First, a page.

The Premium Package is differentiated by a dual-panel sunroof, a rearview camera, a seven-inch LCD screen, a cooled driver seat, rear-seat audio and HVAC controls, automatic up/down rear windows, a power rear window shade, wood trim, an audio-visual auxiliary audio jack and a dedicated iPod interface. The Sport Package features a sport-tuned suspension, 19-inch wheels, a rear spoiler and metallic-look interior trim. High-performance summer tires are an added option with the Sport Package.
The Technology Package available on the Maxima SV adds a voice-activated navigation system with real-time traffic, a rearview camera, an auxiliary audio-video jack, a dedicated iPod interface, satellite radio, a single in-dash CD player (which replaces the six-disc version) and 9.3GB of digital music storage. This package is cheaper when combined with the Premium Package, since several features overlap. The heated front seats, steering wheel and outside mirrors can also be had in the Cold Package.
performance & mpg
Every 2009 Nissan Maxima comes with a 3.5-liter V6 producing 290 hp and 261 pound-feet of torque. Power is sent to the front wheels via a CVT that can be overridden by six artificial "gear" ratios selected by the driver with steering-column-mounted paddle shifters (SV trim only).
At our test track, the Maxima SV went from zero to 60 mph in 6.3 seconds. Its fuel economy is an EPA-estimated 19 mpg city/26 mpg highway and 22 mpg combined.
Every 2009 Nissan Maxima comes standard with antilock disc brakes, stability and traction control, front-seat side airbags, full-length side curtain airbags and front and rear outboard active head restraints. A rearview camera is optional.
The Maxima's potent V6 feels very strong, and unlike other CVTs, the Maxima's is well-suited to the engine. Still, those who've never driven a CVT-equipped car may initially feel like the Maxima is stuck in a hopelessly tall 1st gear.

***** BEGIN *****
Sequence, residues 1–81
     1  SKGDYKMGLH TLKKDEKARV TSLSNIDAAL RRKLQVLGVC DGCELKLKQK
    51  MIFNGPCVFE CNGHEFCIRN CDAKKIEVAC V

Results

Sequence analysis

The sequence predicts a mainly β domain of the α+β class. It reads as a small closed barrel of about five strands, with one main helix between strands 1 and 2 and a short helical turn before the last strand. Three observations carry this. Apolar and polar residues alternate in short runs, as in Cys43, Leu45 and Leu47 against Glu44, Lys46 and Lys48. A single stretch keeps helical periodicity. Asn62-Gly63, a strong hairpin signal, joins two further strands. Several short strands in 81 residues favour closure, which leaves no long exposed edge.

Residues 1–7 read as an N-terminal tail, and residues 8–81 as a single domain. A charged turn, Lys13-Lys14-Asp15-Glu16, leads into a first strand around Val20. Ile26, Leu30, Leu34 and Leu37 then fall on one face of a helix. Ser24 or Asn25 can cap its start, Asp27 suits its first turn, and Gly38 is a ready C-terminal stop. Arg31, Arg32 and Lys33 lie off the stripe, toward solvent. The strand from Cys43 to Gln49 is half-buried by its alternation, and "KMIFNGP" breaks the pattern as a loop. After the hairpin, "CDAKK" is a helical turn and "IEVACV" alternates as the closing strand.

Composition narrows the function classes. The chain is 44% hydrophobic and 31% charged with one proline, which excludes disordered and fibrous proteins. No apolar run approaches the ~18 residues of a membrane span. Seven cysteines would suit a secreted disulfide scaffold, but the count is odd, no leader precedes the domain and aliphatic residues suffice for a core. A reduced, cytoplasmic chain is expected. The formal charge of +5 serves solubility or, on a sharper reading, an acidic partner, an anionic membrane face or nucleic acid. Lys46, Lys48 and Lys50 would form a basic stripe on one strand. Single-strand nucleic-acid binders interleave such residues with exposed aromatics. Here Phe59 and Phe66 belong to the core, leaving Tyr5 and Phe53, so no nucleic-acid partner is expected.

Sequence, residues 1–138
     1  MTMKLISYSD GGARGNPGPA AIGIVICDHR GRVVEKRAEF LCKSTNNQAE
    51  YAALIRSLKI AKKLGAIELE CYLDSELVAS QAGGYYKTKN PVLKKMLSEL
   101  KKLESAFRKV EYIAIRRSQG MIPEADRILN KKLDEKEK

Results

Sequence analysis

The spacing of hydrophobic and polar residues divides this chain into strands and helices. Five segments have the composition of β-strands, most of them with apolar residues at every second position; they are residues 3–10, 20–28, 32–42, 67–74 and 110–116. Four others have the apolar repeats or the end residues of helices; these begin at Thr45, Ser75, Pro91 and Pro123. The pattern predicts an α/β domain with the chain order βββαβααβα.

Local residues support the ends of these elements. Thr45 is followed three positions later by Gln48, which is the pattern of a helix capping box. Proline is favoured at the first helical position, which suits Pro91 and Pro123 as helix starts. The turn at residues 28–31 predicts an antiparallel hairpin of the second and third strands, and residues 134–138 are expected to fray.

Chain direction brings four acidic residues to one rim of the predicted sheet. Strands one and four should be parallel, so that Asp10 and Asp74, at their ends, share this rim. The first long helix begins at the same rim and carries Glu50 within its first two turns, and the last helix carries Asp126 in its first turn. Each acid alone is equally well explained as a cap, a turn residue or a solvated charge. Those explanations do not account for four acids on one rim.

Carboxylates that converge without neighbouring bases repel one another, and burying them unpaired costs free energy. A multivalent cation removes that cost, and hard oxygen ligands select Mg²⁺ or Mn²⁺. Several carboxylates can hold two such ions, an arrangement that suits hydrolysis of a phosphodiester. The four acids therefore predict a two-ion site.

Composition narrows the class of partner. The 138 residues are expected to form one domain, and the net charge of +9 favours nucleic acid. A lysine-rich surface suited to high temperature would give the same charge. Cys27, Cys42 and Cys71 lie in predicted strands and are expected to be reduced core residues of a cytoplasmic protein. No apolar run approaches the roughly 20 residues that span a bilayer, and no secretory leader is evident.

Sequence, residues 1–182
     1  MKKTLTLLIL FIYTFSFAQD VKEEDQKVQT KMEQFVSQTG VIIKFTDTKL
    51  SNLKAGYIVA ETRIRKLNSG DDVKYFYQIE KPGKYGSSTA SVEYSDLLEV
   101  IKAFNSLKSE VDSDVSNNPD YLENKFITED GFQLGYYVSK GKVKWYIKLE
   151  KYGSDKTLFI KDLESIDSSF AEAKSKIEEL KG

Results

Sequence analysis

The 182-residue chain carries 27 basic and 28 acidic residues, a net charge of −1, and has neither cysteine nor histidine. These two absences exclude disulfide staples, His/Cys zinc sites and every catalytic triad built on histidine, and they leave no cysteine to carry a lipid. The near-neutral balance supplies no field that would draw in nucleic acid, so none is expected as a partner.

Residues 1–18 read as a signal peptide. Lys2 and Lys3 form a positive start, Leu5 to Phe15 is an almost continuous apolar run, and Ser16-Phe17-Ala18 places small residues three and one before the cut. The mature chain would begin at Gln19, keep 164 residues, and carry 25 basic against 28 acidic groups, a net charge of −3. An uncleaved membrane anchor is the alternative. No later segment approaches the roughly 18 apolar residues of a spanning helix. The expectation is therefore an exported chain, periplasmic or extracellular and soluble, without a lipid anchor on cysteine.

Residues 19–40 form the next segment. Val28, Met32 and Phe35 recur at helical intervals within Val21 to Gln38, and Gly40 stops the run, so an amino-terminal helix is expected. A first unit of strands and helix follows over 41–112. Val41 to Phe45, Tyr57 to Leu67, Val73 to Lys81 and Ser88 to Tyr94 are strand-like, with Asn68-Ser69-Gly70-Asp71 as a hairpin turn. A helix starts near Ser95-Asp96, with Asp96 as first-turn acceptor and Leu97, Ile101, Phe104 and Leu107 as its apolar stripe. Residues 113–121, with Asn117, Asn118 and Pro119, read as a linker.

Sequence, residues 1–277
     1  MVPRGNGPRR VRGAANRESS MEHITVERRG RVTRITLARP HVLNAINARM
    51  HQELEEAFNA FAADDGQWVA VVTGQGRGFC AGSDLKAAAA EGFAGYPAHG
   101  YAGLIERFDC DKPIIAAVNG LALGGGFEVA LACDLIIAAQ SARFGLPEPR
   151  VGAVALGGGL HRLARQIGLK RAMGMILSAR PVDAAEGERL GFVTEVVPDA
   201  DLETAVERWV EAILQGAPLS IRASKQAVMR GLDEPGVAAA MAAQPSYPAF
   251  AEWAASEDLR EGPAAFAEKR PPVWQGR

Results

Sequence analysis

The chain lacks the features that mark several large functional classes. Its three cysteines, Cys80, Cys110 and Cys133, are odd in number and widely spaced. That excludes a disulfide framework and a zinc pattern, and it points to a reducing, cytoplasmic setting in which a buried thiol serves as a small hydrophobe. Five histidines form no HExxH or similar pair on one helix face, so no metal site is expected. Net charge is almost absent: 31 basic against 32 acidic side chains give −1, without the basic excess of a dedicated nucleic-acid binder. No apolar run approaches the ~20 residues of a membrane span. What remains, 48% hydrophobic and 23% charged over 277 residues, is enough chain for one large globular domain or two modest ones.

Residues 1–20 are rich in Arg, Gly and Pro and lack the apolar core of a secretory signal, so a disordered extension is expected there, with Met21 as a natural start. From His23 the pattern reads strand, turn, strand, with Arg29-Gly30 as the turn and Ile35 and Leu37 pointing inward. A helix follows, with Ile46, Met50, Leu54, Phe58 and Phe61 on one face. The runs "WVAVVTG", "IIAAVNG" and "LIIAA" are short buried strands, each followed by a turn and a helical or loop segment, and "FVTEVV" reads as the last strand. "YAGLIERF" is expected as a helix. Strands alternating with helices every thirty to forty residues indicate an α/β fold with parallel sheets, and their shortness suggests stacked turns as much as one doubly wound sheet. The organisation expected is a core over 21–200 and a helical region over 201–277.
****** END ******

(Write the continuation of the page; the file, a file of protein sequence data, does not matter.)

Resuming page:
While the 2009 Nissan Maxima may not be the "four-door sports car" it's marketed to be, it can be quite a lot of fun to drive, with a competent chassis and well-sorted suspension. Although the Sport Package offers a tauter suspension and bigger wheels, we found that it offers no dynamic advantage and ruins the Maxima's otherwise nice balance between adept handling and a comfortable ride. Steering on all Maximas is excellent, exhibiting a nice blend of low-friction weighting and a high level of road feel that should satisfy both comfort-minded and enthusiastic drivers alike.
The 2009 Nissan Maxima features design and craftsmanship worthy of its luxury-car price. In fact, the Maxima's cabin -- in Premium and Sport guise -- is probably a tad nicer than that of Infiniti's G35. Buttons and knobs move with well-damped precision, while the dash and door sill tops are covered in a soft-touch material. The many buttons and knobs for audio controls, climate controls and the available navigation system are well-placed and well-spaced so each function is easy to find, whether you've gotten into the car for the first or 101st time.
The dual-zone automatic climate controls are a model of simplicity, while the stereo can be controlled via dedicated buttons or (with the Technology Package) a multipurpose control knob placed below the 7-inch display screen. With that package also comes the best solution for in-car iPod control we've seen to date. Plugged into the USB port beneath the center console bin, an iPod is completely controlled via the multipurpose knob, steering-wheel-mounted toggle switch and LCD screen menus that nicely mimic the iPod's actual controls.
Space inside the Maxima is quite good, with a comfy driver seat that provides an excellent range of adjustment. The available rear bucket seats make the middle seat practically useless, but they are very comfortable. The trunk can hold 14.3 cubic feet of stuff that enters through a wide opening.
edmunds expert review process
This review was written by a member of Edmunds' editorial team of expert car reviewers. Our team drives every car you can buy. We put the vehicles through rigorous testing, evaluating how they drive and comparing them in detail to their competitors.
We're also regular people like you, so we pay attention to all the different ways people use their cars every day. We want to know if there's enough room for our families and our weekend gear and whether or not our favorite drink fits in the cupholder. Our editors want to help you make the best decision on a car that fits your life.